A prenatal ultrasound test uses sound waves, inaudible to the human ear, that are beamed through the abdomen into the body, causing return echoes that are recorded and transformed into video or photographic images of the baby, amniotic sac, placenta, and ovaries.
It can be performed topically, or on the surface of the skin, using a gel as a conductive medium to aid in the quality of the image or transvaginal using a tubular probe that is inserted into the vaginal canal.
The transvaginal method is usually used early in pregnancy to determine how far along is a woman in her pregnancy (gestational age) and to determine the presence of more than one fetus.
The topical is generally performed later, for all pregnant women around 20 weeks gestation, to confirm the placenta location, the health, position and expected the weight of the baby and the amount of amniotic fluid around the baby.
Also on the ultrasound can be seen the baby's heartbeat, movement of its body and the gender of the baby, if women wish to know it. Sometimes there is a chance that the ultrasound can be misinterpreted so it is not a foolproof method to determine baby's gender.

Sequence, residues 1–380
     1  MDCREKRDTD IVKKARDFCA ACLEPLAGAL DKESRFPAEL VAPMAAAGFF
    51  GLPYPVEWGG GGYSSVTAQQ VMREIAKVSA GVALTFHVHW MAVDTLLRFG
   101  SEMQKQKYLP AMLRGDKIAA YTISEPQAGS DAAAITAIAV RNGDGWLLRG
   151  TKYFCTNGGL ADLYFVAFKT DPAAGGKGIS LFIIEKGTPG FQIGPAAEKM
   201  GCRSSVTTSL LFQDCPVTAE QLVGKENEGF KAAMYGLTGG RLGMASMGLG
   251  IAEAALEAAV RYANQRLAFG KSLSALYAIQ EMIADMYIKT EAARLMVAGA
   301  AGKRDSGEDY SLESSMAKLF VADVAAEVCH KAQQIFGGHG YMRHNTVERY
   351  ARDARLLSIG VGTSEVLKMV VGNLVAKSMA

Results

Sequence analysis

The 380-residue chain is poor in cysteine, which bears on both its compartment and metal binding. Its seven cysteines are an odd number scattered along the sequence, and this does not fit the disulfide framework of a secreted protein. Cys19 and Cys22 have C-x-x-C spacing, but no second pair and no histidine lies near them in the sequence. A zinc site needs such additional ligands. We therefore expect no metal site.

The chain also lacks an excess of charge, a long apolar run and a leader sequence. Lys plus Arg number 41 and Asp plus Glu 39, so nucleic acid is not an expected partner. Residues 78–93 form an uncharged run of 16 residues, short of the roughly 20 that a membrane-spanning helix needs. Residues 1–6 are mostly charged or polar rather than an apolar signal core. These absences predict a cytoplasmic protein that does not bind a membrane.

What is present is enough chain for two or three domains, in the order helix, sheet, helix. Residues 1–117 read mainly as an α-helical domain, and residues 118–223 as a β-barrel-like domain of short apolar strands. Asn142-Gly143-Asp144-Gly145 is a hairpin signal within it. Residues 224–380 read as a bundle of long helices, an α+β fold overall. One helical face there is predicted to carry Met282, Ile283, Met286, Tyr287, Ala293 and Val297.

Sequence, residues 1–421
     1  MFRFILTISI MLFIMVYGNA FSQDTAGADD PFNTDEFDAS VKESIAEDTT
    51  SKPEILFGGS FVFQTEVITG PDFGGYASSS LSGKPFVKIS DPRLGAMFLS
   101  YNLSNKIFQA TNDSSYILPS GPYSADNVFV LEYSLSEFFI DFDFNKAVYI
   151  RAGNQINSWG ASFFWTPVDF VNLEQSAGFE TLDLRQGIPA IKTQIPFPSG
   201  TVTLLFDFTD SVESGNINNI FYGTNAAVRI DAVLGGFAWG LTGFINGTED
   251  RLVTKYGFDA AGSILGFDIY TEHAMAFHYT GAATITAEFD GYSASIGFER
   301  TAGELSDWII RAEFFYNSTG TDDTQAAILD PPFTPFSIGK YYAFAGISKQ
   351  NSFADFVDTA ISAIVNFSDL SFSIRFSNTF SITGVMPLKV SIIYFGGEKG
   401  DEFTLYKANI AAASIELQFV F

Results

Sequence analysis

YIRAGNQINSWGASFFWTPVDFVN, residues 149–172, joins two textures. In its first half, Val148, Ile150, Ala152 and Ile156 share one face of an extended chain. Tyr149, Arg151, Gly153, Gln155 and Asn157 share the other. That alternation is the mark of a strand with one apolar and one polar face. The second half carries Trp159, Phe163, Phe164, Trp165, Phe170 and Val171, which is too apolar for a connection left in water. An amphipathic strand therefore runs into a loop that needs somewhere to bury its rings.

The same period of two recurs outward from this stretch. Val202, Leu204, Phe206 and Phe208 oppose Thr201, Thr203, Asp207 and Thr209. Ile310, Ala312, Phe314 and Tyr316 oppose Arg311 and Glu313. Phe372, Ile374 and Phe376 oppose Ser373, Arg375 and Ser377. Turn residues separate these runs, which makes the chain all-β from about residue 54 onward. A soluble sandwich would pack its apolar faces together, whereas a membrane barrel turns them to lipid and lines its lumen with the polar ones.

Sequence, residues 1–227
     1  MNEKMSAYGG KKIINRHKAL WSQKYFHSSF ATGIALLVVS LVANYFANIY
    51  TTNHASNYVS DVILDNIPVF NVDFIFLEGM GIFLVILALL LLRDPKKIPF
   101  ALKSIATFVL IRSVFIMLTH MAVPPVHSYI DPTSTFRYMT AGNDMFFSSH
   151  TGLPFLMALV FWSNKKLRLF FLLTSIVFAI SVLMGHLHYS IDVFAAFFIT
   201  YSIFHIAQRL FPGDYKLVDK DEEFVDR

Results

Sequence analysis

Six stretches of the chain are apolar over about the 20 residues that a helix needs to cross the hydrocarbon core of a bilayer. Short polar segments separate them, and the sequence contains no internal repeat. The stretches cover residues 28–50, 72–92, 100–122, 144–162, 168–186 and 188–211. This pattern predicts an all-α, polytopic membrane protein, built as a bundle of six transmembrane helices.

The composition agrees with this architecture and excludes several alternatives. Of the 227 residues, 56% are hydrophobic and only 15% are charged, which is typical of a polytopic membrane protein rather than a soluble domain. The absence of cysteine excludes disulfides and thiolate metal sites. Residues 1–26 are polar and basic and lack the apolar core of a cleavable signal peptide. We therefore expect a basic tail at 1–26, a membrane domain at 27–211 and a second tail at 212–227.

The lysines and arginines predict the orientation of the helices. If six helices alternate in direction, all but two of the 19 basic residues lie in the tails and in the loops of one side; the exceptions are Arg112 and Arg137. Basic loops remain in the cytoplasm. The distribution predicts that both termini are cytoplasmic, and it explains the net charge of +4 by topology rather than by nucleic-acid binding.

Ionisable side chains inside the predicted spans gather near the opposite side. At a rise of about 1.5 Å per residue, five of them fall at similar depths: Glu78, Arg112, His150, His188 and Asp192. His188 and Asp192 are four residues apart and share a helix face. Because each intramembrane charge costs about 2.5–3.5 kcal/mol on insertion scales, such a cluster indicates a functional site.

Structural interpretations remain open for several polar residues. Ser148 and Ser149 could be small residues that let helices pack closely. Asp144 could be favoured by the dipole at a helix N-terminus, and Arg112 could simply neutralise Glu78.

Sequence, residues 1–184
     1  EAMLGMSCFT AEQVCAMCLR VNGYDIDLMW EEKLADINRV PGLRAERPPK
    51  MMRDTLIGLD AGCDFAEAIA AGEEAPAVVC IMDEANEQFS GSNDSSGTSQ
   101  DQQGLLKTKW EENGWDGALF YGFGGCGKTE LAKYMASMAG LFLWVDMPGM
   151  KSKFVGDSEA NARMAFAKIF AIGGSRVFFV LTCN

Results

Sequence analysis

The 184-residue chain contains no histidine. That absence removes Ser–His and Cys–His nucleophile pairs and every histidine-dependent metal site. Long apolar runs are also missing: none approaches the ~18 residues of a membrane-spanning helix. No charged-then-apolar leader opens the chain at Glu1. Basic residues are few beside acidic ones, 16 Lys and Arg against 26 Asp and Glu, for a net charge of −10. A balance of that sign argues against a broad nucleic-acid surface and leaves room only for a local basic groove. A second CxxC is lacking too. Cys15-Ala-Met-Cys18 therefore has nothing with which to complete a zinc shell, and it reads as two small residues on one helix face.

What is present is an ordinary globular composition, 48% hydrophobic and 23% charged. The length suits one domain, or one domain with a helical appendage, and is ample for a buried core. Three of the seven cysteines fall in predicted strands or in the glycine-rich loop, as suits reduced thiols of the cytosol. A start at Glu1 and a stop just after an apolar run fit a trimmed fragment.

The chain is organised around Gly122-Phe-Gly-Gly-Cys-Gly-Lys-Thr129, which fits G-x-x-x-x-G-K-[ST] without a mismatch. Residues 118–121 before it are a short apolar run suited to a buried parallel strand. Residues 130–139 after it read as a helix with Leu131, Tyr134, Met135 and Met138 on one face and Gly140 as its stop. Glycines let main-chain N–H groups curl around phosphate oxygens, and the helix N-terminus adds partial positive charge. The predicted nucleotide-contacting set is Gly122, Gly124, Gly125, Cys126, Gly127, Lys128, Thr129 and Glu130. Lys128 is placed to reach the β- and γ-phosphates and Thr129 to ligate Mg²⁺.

Now available are newer ultrasounds that show a 3-dimensional view of the fetus which has clarity similar to a photograph so it can be useful in detecting birth defects. In some facilities, this scan can be performed at the parents' request without a specific medical indication.
4-d ultrasound is interpreted as a moving picture interpretation but accordingly to the FDA and many other experts, the use of these non-medical ultrasounds is discouraged since untrained personnel may provide inaccurate or harmful information.
Some doctors require that woman drink 4 to 6 glasses of water before the test, so her bladder is full and the view of the baby is better on the ultrasound.
During an ultrasound, the woman will lie on a padded examining table and the small amount of water-soluble gel, which does not harm the skin or stain on the clothes, is applied to the skin over your abdomen.
Then a small device, called a transducer, is gently applied to the skin on woman abdomen and a picture is seen on the screen. The picture can be printed and some doctors allow a woman to keep the picture or even allow a woman to videotape the ultrasound so she can take it home.
The woman should ask her doctor about this option. After an ultrasound, the gel is wiped off the woman’s skin and then she will discuss the test results with the doctor. The ultrasound test takes about 30 minutes to complete.
An ultrasound is safe and there are no harmful side effects to a woman or her baby because an ultrasound does not use radiation, as X-ray tests do.
If the ultrasound is deemed medically necessary, the insurance will pay for it but if it is not medically necessary (for example, to simply see the baby or find out the baby's sex), the insurance company may not pay for the ultrasound.